From first to fourth: four lessons to learn before leaving university
Abbie Riglin, Photo Editor
It’s bittersweet but my time as a student is coming to an end. On one hand I’m happy to be done with school, but on the other I’m leaving the safety net that organized education has become. Soon I’ll no longer have student benefits, and I’ll be forced to trade in my partially premade class schedule for a job search. I’ll have to navigate myself. It’s not easy saying goodbye to something so familiar, but I’ve realized that this is a step I’m ready for as I prepare myself for my last first day.
I’ve been reflecting on how the past four years have changed my values, beliefs, and outlooks on life. Sure, you change as you grow up, that will always be true, but university has caused my life to be turbulent in terms of my knowledge, the people I meet, and the events I experience. It’s never stagnant and my days are forever changing, meaning I’ve gotten to change too.
1. You’re better than you think
I struggled academically in high school and thought this would follow me to university. But it turns out that once I find topics I’m interested in, I excel. I’m no longer a procrastinator (not as severely as I was), and it’s become easy for me to prioritize tasks.
This isn’t always true for everyone, but it can be translated in different ways. Whether it be school, jobs, or hobbies, everyone has something they’re good at. It might take a few tries, but that’s okay. The only expectations you have to follow are your own.
2. Choose who you put your energy into
You can meet friends anywhere, but the relationships have to be more purposeful, and they take more effort. University class sizes are typically much larger and more often than not, you experience each class with a different set of people, so in order to keep and explore friendships you have to explicitly find time to be together.
This might have been the hardest lesson to learn, but it also made me more mindful about what I put my energy into. Friendship is a two-way street, but you also have to surround yourself with people who realize that you might have other matters of importance in your life, and they probably do too.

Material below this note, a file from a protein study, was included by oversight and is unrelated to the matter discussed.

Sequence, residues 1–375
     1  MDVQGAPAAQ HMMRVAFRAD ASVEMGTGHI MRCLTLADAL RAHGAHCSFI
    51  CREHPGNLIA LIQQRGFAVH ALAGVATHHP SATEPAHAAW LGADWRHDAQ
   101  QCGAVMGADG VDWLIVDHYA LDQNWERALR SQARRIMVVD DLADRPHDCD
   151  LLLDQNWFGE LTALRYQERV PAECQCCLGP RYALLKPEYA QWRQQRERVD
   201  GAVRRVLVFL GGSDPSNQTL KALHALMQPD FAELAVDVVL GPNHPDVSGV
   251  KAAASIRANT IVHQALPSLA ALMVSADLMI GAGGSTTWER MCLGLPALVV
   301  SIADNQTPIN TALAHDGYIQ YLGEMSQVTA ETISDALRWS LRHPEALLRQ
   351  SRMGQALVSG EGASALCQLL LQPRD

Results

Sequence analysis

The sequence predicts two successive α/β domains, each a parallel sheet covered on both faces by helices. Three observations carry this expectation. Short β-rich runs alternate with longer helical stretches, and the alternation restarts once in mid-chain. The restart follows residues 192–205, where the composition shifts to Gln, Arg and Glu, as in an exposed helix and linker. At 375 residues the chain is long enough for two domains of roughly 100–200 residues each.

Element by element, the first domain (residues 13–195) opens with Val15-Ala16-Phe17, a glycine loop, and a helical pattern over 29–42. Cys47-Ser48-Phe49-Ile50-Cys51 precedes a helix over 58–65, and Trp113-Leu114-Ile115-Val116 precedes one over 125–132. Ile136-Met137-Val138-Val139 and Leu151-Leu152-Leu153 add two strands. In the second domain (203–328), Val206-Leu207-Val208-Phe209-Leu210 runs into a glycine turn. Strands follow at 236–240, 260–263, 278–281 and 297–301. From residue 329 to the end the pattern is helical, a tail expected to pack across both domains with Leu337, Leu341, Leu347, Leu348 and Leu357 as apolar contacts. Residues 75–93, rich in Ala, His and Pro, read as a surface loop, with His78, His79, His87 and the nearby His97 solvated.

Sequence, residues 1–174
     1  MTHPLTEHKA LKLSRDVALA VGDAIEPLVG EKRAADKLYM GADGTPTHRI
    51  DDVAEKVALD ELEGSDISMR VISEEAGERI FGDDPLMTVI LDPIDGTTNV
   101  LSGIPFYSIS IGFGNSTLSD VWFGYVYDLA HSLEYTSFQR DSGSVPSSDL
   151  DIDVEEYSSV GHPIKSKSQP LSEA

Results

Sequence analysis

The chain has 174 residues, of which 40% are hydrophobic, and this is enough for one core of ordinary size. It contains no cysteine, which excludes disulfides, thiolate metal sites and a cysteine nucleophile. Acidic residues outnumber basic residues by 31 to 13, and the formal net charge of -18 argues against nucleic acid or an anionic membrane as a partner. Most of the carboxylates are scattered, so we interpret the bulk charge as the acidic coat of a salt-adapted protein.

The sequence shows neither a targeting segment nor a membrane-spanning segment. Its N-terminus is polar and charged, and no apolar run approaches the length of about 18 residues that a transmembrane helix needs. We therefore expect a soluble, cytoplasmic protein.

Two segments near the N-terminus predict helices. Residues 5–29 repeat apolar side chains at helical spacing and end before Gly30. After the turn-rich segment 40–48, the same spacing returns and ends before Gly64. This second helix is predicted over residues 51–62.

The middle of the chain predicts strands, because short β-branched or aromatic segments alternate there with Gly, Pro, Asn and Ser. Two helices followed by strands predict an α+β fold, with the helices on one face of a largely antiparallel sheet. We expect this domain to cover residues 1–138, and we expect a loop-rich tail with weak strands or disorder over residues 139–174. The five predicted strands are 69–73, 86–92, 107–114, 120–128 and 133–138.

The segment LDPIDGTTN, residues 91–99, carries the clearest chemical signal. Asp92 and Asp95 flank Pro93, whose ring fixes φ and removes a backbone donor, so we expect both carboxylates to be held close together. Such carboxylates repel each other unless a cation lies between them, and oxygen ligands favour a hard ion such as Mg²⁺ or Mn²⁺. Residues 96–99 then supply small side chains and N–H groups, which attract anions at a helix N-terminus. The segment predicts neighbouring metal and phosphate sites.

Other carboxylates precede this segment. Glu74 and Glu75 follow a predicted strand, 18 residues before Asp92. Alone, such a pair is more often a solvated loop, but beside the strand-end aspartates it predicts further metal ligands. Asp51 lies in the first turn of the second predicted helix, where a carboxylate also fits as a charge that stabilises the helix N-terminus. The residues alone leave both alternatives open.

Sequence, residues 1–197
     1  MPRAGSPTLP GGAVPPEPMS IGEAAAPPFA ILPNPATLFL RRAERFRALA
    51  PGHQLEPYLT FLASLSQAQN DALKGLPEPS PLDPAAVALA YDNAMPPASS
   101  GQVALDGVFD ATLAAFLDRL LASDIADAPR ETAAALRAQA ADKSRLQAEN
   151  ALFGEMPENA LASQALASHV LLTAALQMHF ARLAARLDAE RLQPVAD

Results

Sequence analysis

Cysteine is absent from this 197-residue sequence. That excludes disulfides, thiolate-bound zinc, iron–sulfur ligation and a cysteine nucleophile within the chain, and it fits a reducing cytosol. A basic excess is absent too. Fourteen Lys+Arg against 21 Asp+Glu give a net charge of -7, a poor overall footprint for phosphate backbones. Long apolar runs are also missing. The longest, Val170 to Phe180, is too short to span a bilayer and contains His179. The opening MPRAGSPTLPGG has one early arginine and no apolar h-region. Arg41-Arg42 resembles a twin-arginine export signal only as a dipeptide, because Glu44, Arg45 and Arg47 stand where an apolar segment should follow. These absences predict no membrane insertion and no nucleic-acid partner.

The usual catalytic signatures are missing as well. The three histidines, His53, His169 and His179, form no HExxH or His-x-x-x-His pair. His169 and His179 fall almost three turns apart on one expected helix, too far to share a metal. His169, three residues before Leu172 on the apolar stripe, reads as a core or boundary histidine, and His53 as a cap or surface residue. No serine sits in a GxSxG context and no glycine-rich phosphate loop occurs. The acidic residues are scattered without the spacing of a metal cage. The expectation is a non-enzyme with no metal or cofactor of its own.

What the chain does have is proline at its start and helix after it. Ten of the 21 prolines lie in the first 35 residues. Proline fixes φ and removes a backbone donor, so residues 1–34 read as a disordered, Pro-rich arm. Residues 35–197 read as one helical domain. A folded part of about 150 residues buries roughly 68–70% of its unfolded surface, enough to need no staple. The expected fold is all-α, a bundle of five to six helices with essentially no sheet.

3. The world doesn’t hate you
Through my university experience I’ve become more open-minded. It’s easy as a young person to assume that the world is against you. But as I’ve gotten older, I’ve realized that people are willing to help and listen to you, they might not just understand.
Intermingling with people who have had different upbringings than me has allowed me to see that sometimes people just have never had access to the resources to educate themselves. I can even say I’ve been one of those people and if I can change and grow, so can others. It’s hard to understand, and easy to judge something you’ve never experienced, but it’s a choice to accept it and learn more.
4. Let loose a little
The final and possibly the most important thing I’ve realized is that university and your early 20s is also a time for fun, and that indulging your inner kid is important, no matter what that looks like.
Your education is still important, you wouldn’t be here if it wasn’t, but it’s also not everything. There’s time for playing video games, a midnight ice cream run, hanging out with friends, and treating yourself to a spa day. It has taken me time to learn a work-life-school balance, and I think I’ll be working on it for the rest of my life, but I know I’ll never be as free again as I am now.
Everyone has different lessons to learn but saying goodbye to comfortable habits, friends, opinions and places doesn’t have to be a bad thing. Mount Royal has held a lot of those comforts for me in the past four years. It wasn’t until recently I learned that, but passing on the knowledge of accepting change within myself might be the final step into rest of my life.